I then went down to the course and decided to think about betting on the big race. You can, of course, go to the local bookmaker and put a bet on before going to Aintree. I understand that you can get better odds this way but I felt that placing my bets would be part of the excitement on the day.
I like to choose my horse by its name, but from my experience at Royal Ascot a few years ago and my dismal performance at the dog track last autumn, this is not a good strategy. Of course, there is a handicap system in horse racing so all horses should have an equal chance of winning but this does not appear to be the case. We have to consider form and as it has been very wet recently we need to know how the horses perform when the going is soft.
Seeyouatmidnight sounds like a rather slow horse but is tipped to do well with heavy conditions. Anibale Fly has a special significance for me, but as names go it’s got to be Chase the Spud. I backed all three horses with Rich Racing where there is a minimum £5 bet which can be £5 to win or £2.50 each way (for the uninitiated a £2.50 each way bet costs £5). As Anibale Fly was much fancied, I backed that to win and the other two each way which means that they will pay out if the horse comes in the first four.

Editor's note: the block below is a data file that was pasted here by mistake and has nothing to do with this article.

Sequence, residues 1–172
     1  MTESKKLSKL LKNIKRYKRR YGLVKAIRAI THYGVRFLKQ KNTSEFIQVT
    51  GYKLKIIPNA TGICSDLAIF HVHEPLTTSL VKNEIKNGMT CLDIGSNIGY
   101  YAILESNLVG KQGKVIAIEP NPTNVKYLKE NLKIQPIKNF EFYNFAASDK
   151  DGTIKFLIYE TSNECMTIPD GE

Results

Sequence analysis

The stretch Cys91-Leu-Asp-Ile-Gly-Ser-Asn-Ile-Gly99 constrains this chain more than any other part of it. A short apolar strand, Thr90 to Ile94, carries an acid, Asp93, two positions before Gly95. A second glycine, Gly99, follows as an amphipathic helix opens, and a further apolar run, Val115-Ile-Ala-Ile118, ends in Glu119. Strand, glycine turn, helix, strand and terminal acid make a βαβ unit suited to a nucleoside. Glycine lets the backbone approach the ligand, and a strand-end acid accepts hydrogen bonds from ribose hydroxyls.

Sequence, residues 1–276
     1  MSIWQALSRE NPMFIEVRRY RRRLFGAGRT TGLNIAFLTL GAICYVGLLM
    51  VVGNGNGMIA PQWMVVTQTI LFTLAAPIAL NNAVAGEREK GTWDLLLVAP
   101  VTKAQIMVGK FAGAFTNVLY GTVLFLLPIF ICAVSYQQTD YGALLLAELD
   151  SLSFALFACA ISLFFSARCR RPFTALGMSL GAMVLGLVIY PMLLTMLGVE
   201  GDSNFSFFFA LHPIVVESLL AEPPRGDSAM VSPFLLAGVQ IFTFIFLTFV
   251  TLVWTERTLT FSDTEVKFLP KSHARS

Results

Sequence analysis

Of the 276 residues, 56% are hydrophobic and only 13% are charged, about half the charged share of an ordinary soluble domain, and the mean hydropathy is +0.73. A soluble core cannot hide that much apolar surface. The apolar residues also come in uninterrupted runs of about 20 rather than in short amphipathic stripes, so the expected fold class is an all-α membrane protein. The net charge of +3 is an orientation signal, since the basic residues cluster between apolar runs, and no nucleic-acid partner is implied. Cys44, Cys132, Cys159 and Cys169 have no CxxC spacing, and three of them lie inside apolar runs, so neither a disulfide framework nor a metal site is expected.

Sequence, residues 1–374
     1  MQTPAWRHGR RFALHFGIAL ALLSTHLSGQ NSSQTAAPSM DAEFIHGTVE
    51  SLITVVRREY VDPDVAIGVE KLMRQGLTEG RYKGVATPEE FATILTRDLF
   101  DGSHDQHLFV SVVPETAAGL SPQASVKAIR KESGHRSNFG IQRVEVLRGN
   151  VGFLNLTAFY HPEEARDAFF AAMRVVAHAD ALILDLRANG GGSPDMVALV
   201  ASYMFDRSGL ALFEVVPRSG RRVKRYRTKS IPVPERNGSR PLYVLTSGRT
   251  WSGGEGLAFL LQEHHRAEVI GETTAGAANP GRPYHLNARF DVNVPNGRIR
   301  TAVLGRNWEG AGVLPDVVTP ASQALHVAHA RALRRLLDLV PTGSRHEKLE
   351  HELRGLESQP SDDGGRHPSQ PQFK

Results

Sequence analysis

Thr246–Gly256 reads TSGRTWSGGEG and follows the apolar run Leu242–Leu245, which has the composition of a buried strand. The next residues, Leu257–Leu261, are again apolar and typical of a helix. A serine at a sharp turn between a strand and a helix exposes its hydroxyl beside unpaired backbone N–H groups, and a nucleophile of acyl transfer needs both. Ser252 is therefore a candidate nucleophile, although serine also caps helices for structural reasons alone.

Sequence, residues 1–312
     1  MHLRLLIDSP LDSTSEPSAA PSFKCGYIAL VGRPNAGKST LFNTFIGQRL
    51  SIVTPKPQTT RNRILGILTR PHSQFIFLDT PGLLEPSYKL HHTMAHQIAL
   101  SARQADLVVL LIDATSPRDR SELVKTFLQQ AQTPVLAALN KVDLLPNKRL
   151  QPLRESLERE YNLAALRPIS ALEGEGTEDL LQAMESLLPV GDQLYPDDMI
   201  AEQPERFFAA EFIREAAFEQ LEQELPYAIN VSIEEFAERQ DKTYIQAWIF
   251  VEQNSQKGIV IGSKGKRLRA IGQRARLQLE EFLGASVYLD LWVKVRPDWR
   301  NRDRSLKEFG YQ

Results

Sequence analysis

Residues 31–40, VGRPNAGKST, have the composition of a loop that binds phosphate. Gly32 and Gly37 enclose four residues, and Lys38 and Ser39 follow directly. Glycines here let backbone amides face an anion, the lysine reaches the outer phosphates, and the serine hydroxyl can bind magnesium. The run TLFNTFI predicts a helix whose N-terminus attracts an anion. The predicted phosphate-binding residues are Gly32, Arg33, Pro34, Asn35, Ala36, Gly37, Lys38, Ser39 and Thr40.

We found a nice spot to watch the racing, right by a set of jumps. I stood next to a friendly Irishman who obviously understood something about racing and he got some winnings on the early races. There are big screens so that you can see what is going on in parts of the ground that you can’t see from where you are standing, but to be honest, you don’t see very much.
The big race started and we were able to watch it on the screens and follow the commentary. My husband’s choice fell at the first and after a few minutes we saw the horses jump in front of us for a second or so. I’m sure that Chase the Spud was last at this point but my other two horses were doing well. After a few more minutes they passed us again and Seeyouatmidnight was starting to drop back but Anibale Fly was one of the front-runners. Tiger Roll went on to win after a photo-finish but Anibale Fly was fourth. As I had backed it to win, I got nothing.
Although there was one more race and then a concert we started to make our way home. Most of the ladies had taken their shoes off and were now either walking barefoot or buying flip-flops from enterprising salesmen.
The journey back was just as efficient as the journey there but the protesters had all gone home.
My tips for attending the Grand National
Buy your entry ticket online and well in advance, I bought mine six months before the event. The rail travel is reasonably priced and efficient so I would recommend using that. Aintree is at least as nice to visit as Ascot. If you want to fit in, dress as if attending a wedding in midsummer. By all means wear high heels, most of the site is paved, but there is not much seating. Consider taking flip-flops for later on. The food is good and reasonably priced.
The Grand National is a major event in the sporting calendar with a unique atmosphere. However, if you want to see the racing, the best way is to stay at home and watch it on television.
Cost: I paid £59 for a Festival Zone ticket. There are cheaper tickets available but with very limited access.